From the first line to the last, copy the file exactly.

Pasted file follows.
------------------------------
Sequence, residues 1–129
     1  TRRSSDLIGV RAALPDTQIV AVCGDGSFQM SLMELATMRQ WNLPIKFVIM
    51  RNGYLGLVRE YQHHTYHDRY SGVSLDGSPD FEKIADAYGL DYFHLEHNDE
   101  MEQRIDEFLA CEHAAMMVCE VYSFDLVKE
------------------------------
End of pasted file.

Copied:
Sequence, residues 1–129
     1  TRRSSDLIGV RAALPDTQIV AVCGDGSFQM SLMELATMRQ WNLPIKFVIM
    51  RNGYLGLVRE YQHHTYHDRY SGVSLDGSPD FEKIADAYGL DYFHLEHNDE
   101  MEQRIDEFLA CEHAAMMVCE VYSFDLVKE